In my previous article in this “thinking beyond therapy” series, I suggested that we need a perspective shift in mental health. A shift from thinking about mental health only in terms of symptoms of a disorder, to the full continuum from mental health disorders to flourishing, and from thinking about mental health care only in terms of symptom reduction.

In the spirit of this perspective shift, I want to flip the typical narrative. Rather than talking about the 40% of U.S. adults who are reporting symptoms of depression, let’s focus instead on the 60% of U.S. adults who aren’t currently reporting these symptoms. How many of those are at risk of becoming depressed in the future unless they engage in preventative measures?

Ignoring this part of the population simply because they are comparatively well would be like telling someone who is in the normal weight range that they don’t need to worry about exercising or about what they eat.

Managing your mental health also takes work.

In fact, in our research, we’ve found that the people who already have relatively high levels of well-being tend to report lower levels of well-being after 6 to 10 weeks if they aren’t regularly engaging with our platform.

More specifically, users who are estimated to have no symptoms, or mild symptoms, of depression1 when they initially signed up for our self-guided wellness program, have well-being scores that worsen by 4-8% during the first 6-10 weeks. When they complete at least one activity, but less than 2 activities per week (what we consider suboptimal usage), their levels of well-being worsen by 1-6%.

It’s only the users who are completing at least two activities per week who are at least maintaining their well-being levels. And if they increase their engagement to at least 7 activities per week, we even see improvements in well-being ranging from 2% (among those with no estimated symptoms of depression) to 13% (among those with mild estimated symptoms of depression).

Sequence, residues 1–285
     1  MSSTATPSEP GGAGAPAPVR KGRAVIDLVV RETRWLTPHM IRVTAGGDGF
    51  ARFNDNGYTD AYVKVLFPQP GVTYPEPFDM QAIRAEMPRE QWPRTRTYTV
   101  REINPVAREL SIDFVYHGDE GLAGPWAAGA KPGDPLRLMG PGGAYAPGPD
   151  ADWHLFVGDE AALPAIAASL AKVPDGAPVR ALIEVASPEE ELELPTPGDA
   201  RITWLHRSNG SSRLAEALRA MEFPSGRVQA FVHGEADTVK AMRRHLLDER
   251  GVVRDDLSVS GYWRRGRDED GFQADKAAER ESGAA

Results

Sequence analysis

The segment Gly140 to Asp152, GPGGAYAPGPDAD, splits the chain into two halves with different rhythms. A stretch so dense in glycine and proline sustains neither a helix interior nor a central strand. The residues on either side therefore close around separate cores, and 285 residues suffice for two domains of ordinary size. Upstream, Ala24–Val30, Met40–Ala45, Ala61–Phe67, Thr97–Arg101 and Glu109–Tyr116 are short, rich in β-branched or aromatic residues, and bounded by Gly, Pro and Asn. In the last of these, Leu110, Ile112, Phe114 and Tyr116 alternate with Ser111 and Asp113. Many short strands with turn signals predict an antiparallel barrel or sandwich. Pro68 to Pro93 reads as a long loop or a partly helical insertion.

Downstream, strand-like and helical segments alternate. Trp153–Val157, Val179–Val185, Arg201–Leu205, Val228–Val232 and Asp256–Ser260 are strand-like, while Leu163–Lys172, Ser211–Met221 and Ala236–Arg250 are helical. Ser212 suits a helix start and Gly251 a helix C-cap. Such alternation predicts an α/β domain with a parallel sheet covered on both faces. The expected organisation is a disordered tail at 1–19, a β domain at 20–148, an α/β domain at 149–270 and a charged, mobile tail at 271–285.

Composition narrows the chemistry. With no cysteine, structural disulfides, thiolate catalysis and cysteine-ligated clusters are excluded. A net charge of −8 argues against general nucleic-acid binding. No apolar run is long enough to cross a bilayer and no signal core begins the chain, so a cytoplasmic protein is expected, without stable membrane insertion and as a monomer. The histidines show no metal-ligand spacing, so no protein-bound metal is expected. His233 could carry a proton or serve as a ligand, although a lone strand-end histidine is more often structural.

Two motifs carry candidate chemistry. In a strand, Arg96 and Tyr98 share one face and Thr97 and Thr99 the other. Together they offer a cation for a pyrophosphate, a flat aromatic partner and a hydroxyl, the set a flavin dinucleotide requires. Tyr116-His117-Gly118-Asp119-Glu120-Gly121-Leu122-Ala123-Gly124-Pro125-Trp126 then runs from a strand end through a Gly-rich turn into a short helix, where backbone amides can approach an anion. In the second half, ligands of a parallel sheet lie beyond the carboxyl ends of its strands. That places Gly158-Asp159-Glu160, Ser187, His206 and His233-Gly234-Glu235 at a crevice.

In other words, even if you’re feeling “well” psychologically - it’s probably good practice to engage in exercise that helps to strengthen, or at least maintain, skills like empathy, emotion regulation, resilience, and cognitive and social skills, on a regular basis.


Figure 1. Changes in Subjective Well-Being Over 6-10 Weeks Among Twill Users Estimated to Have No Initial Depressive Symptoms Based on Engagement with a Self-Guided Digital Mental Health Intervention.


Figure 2. Changes in Subjective Well-Being Over 6-10 Weeks Among Twill Users Estimated to Have Mild Initial Depressive Symptoms Based on Engagement with a Self-Guided Digital Mental Health Intervention.

Why We Should Care About this “Well” Majority

Just like physical health, without routine mental health care, people who have high levels of well-being may not remain “well” over time. And given that the average time from symptom onset to a diagnosis of depression is about 8 years, with excess costs associated with depression increasing over time, closer to the time of diagnosis, prevention is significantly cheaper than treatment. We don’t ignore heart health until we find ourselves in the emergency room because of a heart attack - and we shouldn’t wait until there’s a significant problem with our mental health either.

But without better guidance about what routine mental health care looks like, people may be relying on services they don’t really need for mental health support. Perhaps in an ideal world, we’d all have a therapist we see for an annual mental health check-up, like we see our PCP for our annual well visits. But given the shortage of therapists, this just isn’t feasible.